"People would say, 'Are you all still together?' And I would say, 'Yeah, we're not good at breaking up,'" TJ said. "We were trying to be so practical and be like, 'You know what? We didn't live near each other, and let's just end this before we end up hating each other.' And then we just couldn't do it. We were just almost kind of comical at how not good we were at doing that."

TJ loves the dreaminess of the track and thinks Lambert's vocals give it a Fleetwood Mac feel. When listeners figure out it's her on the vocals, he loves seeing the moment of recognition.

"People go like, 'Oh yeah, oh my God, it's so obvious,'" he said.

When Brothers Osborne went into the studio with Elizondo to make their self-titled album, the goal was to zero in on a specific theme for the album that succinctly represented their artistic identity. What they got, TJ said, is the most comprehensive album they've ever made.

"I think you really hear that," he said. "There's really a projection of all of our influences. You can pinpoint with each song."

"Goodbye's Kickin' In" showcases the brothers' love of blues and soul. "Ain't Nobody Got Time For That" has a disco vibe, and "Rollercoaster" is the duo's first ballad.

"I think since we've stretched it so far in both directions, at least we'll see what the listeners think," TJ said. "I'm like, 'Wow, I really feel like I hear us more than ever. With there being so many different types of furniture changes around us, and the only thing that stays the same is John and I."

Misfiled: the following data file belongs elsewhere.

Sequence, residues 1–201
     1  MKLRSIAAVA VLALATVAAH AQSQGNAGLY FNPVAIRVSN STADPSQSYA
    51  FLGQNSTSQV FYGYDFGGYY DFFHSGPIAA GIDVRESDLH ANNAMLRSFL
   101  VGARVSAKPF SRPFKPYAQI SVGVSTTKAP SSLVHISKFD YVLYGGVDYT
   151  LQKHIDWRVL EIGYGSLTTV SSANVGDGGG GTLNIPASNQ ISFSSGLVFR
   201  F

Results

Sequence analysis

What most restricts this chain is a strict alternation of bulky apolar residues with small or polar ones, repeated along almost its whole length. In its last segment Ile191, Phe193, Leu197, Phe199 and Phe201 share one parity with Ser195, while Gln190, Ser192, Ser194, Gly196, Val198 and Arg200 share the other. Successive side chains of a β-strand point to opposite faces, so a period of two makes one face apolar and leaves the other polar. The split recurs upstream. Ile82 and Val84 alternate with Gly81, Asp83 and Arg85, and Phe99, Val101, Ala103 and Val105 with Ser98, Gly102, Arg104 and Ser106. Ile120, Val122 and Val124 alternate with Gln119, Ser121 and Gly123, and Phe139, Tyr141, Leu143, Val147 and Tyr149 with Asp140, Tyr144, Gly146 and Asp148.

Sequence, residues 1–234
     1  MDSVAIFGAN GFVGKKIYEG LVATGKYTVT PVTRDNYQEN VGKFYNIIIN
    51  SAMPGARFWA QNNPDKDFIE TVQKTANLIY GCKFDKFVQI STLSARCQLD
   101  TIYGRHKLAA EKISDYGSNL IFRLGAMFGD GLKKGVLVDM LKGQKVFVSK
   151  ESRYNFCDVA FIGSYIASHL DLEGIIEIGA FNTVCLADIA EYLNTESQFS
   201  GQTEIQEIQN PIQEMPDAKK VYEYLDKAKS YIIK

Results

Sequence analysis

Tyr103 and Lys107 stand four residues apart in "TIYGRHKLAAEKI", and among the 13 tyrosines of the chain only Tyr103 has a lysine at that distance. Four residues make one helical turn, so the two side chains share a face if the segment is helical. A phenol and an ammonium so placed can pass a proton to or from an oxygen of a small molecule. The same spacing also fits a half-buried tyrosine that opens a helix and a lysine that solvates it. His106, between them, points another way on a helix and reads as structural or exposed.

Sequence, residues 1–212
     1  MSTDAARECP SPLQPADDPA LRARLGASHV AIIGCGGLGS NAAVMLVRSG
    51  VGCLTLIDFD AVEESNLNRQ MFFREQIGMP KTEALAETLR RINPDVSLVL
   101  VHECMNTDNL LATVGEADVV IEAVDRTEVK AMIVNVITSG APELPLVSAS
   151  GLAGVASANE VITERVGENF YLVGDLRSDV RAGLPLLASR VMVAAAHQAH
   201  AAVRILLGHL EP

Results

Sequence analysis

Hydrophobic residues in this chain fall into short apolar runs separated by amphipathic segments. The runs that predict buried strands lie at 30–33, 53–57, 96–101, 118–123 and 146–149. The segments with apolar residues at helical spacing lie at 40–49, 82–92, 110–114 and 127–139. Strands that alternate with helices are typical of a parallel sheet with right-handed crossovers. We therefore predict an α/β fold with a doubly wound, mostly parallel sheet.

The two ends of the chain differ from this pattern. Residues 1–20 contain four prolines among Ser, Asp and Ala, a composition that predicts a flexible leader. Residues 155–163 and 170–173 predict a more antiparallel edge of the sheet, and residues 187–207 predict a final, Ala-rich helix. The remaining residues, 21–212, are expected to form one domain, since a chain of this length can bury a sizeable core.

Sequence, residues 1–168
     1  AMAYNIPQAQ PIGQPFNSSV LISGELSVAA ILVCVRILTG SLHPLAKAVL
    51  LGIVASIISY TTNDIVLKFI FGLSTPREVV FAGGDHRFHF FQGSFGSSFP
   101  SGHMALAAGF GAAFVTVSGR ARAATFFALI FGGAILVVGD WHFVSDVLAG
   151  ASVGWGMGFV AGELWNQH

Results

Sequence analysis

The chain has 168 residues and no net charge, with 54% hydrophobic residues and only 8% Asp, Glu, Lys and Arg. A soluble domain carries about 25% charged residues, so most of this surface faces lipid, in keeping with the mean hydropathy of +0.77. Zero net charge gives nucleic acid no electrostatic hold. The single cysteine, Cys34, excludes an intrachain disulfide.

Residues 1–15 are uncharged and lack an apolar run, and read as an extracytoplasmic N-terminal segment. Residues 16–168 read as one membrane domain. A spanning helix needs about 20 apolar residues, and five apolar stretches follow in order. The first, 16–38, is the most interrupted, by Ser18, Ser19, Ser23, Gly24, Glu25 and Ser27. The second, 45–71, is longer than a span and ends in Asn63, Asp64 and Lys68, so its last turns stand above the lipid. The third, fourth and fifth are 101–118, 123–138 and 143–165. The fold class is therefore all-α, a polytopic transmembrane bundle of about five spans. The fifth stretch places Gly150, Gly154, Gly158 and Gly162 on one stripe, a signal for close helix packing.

Brothers Osborne wrote 25 songs over three years for their self-titled album and then joined Elizondo the week before they started recording to write five more to, John said, "fill some gaps." They tracked 16 songs with basic instrumentation, completed 14 songs, and mixed 11 of them – which became the album.

"There's so many philosophies these days about what an album is," John said. "I certainly do applaud people that are doing 25 to 30 songs on an album. For us, everything is a statement, and we wanted to make sure that we were saying everything that we need to say, but still in somewhat of a succinct manner."

LGBT country artist Fancy Hagood, will open Brothers Osborne's upcoming tour. A long time friend of the family, Hagood explained that the duo collects people like they collect songs -- they pull them in and make them feel special. 

"I just feel so lucky to be in their orbit because they're just the best kind of people," he said. "They are the neighbor you want. What they bring into their music is just this family essence. It's a really communal, inclusive environment that they foster and create, and it's really special. I think that's what makes them stand out."